I was tagged by fellow-writer Louise Gibney (also known as Miss Write!) to participate in this writing process ‘blog tour’. Louise’s first novel Girl Meets Boys is unfortunately no longer available for sale, but I’m eagerly awaiting her second novel — which she has said is “a story of family, grief, personal discovery and development.” She also writes tons of fantastic articles on her blog.
Louise asked the following questions:
1. What am I working on?
My second book is a science-fiction/horror called Moonstruck. The hero, Stephanie Walker, joined the Space Navy to escape her past and has worked her way up to First Mate despite being grumpy, violent and unsociable. Disliked by her crew, she’s nonetheless their only hope after a monster starts killing them with abandon. Luckily, she has the help of new recruit, Daniel, and she realises that they are much stronger working together than she ever was on her own. The book is currently about 20,000 words short of its second draft.
I’ve also tentatively planned out the sequel to The Rising Wind and hope to start on the first draft of that soon.
2. How does my work differ from others of its genre?
In a lot of science-fiction and horror, you’re often left with a ‘last survivor’, a lone hero who rises above impossible odds. In this book, I wanted to flip that a little bit, and show a group of people overcoming differences and working together to survive. As for whether they do or not, I guess you’ll have to wait and see…
More generally, I try to include a lot of diverse characters in my writing. The Rising Wind, for example, features a gay couple, but the book isn’t about that. They are just like a normal couple, and the alternate reality that they live in – whilst it has a lot of problems – really doesn’t have any prejudice about same-sex relationships. (At least at this point in its history.)
3. Why do I write what I do?
I grew up reading almost everything I could get my hands on. Sci-fi, detective novels, classics, Mills & Boon, historical romance, straight historical novels, trippy post-modern stuff, everything! I really like combining lots of different elements together in my work. There’s always nearly a fantastical element, but my stories are rooted in a world quite like our own. I also have opinions that some would describe as radical, and I like to explore how some of my ideas would play out if they became a reality.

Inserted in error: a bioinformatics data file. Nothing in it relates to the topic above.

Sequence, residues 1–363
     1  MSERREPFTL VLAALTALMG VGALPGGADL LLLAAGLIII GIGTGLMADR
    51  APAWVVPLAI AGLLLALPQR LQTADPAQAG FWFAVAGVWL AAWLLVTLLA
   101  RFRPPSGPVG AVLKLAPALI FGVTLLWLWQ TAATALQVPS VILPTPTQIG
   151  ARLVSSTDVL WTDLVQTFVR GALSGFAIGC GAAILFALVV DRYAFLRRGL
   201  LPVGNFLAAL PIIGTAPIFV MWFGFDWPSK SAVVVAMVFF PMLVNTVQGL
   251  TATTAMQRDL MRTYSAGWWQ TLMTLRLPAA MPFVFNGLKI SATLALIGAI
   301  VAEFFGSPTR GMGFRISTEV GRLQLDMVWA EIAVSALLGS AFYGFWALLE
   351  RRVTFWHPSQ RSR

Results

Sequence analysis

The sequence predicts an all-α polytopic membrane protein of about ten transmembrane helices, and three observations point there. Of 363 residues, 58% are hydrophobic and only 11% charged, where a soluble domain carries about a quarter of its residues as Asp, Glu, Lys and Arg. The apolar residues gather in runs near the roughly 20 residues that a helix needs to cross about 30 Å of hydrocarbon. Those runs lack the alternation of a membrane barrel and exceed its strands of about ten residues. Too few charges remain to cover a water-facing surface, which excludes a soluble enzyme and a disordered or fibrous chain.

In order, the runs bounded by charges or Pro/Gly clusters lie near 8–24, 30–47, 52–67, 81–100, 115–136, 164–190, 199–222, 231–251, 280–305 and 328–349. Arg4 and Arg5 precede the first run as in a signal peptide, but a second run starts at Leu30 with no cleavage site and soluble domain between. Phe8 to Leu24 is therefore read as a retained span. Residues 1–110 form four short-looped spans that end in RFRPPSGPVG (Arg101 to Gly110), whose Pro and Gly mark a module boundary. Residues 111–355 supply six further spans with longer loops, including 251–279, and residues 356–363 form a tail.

4. How does your writing process work?
I’m still refining my process, and I’m terribly slow. It took me well over five years to write The Rising Wind. I usually have to spend ages writing ‘around the characters’, stuff that helps me understand who they are and how they think, but which won’t ultimately make it into the final story.
Anyway, here is my current writing process:
I start by writing out a few scenes in Scrivener, just to get a handle on the world and the characters. I call this a first draft, and it’s normally puked out and rarely has any decent ending.
Then I use workflowy to rough the story out, chapter-by-chapter, and scene-by-scene. (I used to use excel)
Then I re-write in Scrivener. I love Scrivener because it lets me drag and drop scenes around and stops me thinking of the book as the linear a-to-b thing. I give each scene a couple of labels, one is the POV and the other is the state its in. I’ll move around the story at random, so you’ll get some scenes that have been re-written several times and are close to ‘final draft’ and others that are still ‘stuff happens’.
Once it’s in a fit state, I send it to beta readers and get feedback. They are usually good at picking up the odd gaping plot hole.
The last step is to hire an editor to go through it. They usually send back lots and lots of notes, and we work each scene two-or-three times.
Short stories I skip a few of the steps here, but they still get re-written quite extensively. I don’t think I’ve ever sat down and written the story I first came up with. They always end up evolving!
Other writers to check out
Laura Hayley – Another member of the nanowrimo group, and writes over at Quaktaculaura. I’m delighted to see her giving my favourite form of prose writing a go – namely the short story. I thought her latest one, Black and White, was particularly poignant. I wish her the best of luck getting her manuscript accepted!
Matt Holland – I’ve had the opportunity to see Matt’s writing evolve over the last few years. He’s developed a fantastic and unique voice. Biting, funny, with great characters. Definitely check out his Gallaetha novels!